Another potential free agent wing – Gerald Green – has not been contacted by the Blazers, according to another source. The 29-year-old Green averaged 11.9 points last season for Phoenix, one year after averaging 15.8 points for the Suns.
Damian Lillard: Was an honor to carry the #FlameOfHope for the @SpecialOlympics #UnifiedRelay in #RipCity yesterday. #PassTheFlame http://t.co/R7a0NPY5JM
Jason Quick: Source says Butler can sign with the Blazers if he wants, but is in no hurry to make a decision
Lillard had wanted to coordinate the timing of a meeting before leaving town, but Aldridge, understandably, was slow to respond. He had a second meeting with the Lakers to focus on that night, then a meeting with the Miami Heat and team president Pat Riley. There were extensive text messages shared between Aldridge and Lillard in what constituted a modern-day conversation, and the message was made quite clear by the time Friday night rolled around: whether the Spurs or the Phoenix Suns, Lillard was convinced Aldridge was gone. None of which is to say Aldridge made a bad choice; in fact, going to the Spurs is a tremendous choice. This combination of top-tier talent both young (Leonard, Aldridge, Danny Green) and old (Duncan, Tony Parker and perhaps Manu Ginobili) is as tantalizing as any we’ve seen, and the Golden State Warriors surely know their title defense just got a whole lot harder.
A few minutes ago, I received the following from Aldridge: Dear Rip City, Thank you! Those two words on a page don’t begin to express the gratitude I have for the opportunity the entire Trail Blazers organization, my teammates, the media, and you fans gave me. The past nine years have been a blessing, and I will take all of the valuable memories with me as I head back home.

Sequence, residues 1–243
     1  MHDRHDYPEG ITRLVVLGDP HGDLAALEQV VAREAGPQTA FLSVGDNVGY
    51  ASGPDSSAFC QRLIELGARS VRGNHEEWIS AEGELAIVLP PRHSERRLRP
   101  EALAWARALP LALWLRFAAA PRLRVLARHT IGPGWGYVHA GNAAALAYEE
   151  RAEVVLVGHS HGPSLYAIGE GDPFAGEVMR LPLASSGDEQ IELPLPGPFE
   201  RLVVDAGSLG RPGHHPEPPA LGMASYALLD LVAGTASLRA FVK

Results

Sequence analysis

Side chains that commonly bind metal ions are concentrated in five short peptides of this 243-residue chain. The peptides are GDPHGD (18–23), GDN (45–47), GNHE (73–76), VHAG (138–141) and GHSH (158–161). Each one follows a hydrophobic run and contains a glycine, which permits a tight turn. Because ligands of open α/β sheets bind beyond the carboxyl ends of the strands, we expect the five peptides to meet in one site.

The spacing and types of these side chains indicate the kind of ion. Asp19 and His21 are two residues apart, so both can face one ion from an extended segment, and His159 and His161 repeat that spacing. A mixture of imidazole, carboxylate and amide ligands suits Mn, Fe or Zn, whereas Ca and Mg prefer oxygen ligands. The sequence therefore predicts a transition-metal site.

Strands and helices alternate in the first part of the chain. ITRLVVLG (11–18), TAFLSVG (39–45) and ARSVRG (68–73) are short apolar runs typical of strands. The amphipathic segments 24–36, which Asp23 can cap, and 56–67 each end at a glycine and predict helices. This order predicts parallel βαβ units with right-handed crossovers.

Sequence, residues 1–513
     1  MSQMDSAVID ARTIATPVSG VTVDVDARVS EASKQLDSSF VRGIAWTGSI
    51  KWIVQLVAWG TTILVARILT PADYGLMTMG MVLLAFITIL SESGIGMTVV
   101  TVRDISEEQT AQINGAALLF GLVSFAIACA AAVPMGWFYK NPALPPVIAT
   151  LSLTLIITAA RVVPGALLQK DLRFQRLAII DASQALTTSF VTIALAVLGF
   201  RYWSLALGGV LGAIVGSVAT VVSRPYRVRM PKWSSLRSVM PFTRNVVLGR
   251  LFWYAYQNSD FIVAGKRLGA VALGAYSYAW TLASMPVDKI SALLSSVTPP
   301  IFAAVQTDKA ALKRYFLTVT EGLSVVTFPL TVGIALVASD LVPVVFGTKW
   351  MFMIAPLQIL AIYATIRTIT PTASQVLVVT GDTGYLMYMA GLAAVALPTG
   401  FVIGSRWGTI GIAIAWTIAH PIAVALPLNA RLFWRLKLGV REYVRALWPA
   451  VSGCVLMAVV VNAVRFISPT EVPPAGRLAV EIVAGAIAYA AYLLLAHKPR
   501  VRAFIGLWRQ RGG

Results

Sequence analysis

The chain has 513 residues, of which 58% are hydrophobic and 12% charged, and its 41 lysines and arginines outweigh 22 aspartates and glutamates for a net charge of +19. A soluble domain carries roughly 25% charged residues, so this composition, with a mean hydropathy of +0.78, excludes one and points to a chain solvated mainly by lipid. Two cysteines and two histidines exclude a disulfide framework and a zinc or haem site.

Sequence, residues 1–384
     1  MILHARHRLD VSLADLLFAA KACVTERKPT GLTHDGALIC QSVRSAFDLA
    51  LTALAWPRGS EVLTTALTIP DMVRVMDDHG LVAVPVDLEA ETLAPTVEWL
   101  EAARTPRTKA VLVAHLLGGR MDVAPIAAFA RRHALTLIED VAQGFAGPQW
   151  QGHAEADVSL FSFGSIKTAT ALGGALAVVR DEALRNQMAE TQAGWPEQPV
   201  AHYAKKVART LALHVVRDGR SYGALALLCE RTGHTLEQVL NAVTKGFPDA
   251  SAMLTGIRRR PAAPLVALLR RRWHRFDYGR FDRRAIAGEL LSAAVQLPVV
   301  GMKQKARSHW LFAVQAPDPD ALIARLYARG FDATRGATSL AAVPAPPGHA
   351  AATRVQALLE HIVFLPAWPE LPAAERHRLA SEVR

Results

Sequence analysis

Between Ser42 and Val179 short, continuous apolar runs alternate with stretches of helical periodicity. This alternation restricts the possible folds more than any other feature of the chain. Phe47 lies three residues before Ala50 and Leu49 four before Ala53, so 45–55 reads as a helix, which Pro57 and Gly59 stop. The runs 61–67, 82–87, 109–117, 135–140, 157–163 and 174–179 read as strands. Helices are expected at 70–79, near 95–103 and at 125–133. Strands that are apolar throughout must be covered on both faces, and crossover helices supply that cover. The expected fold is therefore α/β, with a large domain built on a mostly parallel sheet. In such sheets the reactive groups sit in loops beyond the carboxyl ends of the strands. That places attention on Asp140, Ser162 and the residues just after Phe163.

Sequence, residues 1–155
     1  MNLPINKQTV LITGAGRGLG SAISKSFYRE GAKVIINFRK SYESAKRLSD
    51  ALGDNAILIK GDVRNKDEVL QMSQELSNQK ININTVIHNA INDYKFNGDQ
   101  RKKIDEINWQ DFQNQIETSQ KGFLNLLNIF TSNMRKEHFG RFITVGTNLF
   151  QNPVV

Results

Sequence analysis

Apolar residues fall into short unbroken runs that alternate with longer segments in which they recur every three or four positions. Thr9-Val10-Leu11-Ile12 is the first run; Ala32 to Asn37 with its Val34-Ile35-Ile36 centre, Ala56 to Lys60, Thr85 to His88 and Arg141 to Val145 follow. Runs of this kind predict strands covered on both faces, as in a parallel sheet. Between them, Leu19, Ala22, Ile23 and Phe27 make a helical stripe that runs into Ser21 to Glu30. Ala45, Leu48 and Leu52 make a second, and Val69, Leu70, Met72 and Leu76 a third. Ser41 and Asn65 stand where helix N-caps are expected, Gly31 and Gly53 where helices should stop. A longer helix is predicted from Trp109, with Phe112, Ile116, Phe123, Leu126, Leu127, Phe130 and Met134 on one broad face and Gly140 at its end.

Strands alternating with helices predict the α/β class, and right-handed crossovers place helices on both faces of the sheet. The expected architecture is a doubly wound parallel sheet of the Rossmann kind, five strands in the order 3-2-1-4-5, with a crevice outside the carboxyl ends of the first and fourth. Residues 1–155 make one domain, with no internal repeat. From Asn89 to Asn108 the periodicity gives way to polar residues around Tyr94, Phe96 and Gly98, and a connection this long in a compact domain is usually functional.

Aldridge: As I’m sure you can respect, my decision was a very personal one but not one I took lightly. Although I will be wearing a different uniform the next time I come back to Portland, please know that I will always hold my time in a Blazers uniform near and dear to my heart. Your friend, LA
For years, the rumblings that Aldridge wasn’t happy with his place in the Portland spotlight were always there. First it was Brandon Roy stealing his thunder, then Greg Oden before his ill-fated fall, and then this young and dynamic talent named Damian Lillard whose star rose far too quickly for Aldridge’s liking. All along the way, the complaints that would rarely, if ever, come directly from Aldridge himself were consistent: one way or another, intentional or not, he felt underappreciated – if not disrespected. He wanted top billing.
But the challenging part for the Blazers folks who tried so hard through the years to understand him is that Aldridge’s understated ways made it nearly impossible to satisfy this request. He routinely turned down interviews, or didn’t maximize off-court opportunities of which Lillard would take full advantage. He is known as the private type, the kind of player and person who prefers to play his game and let someone else handle the lion’s share of the leadership duties. Except, of course, until someone does just that, reaps the benefits of it and kickstarts the cycle of jealousy that had everything to do with his departure.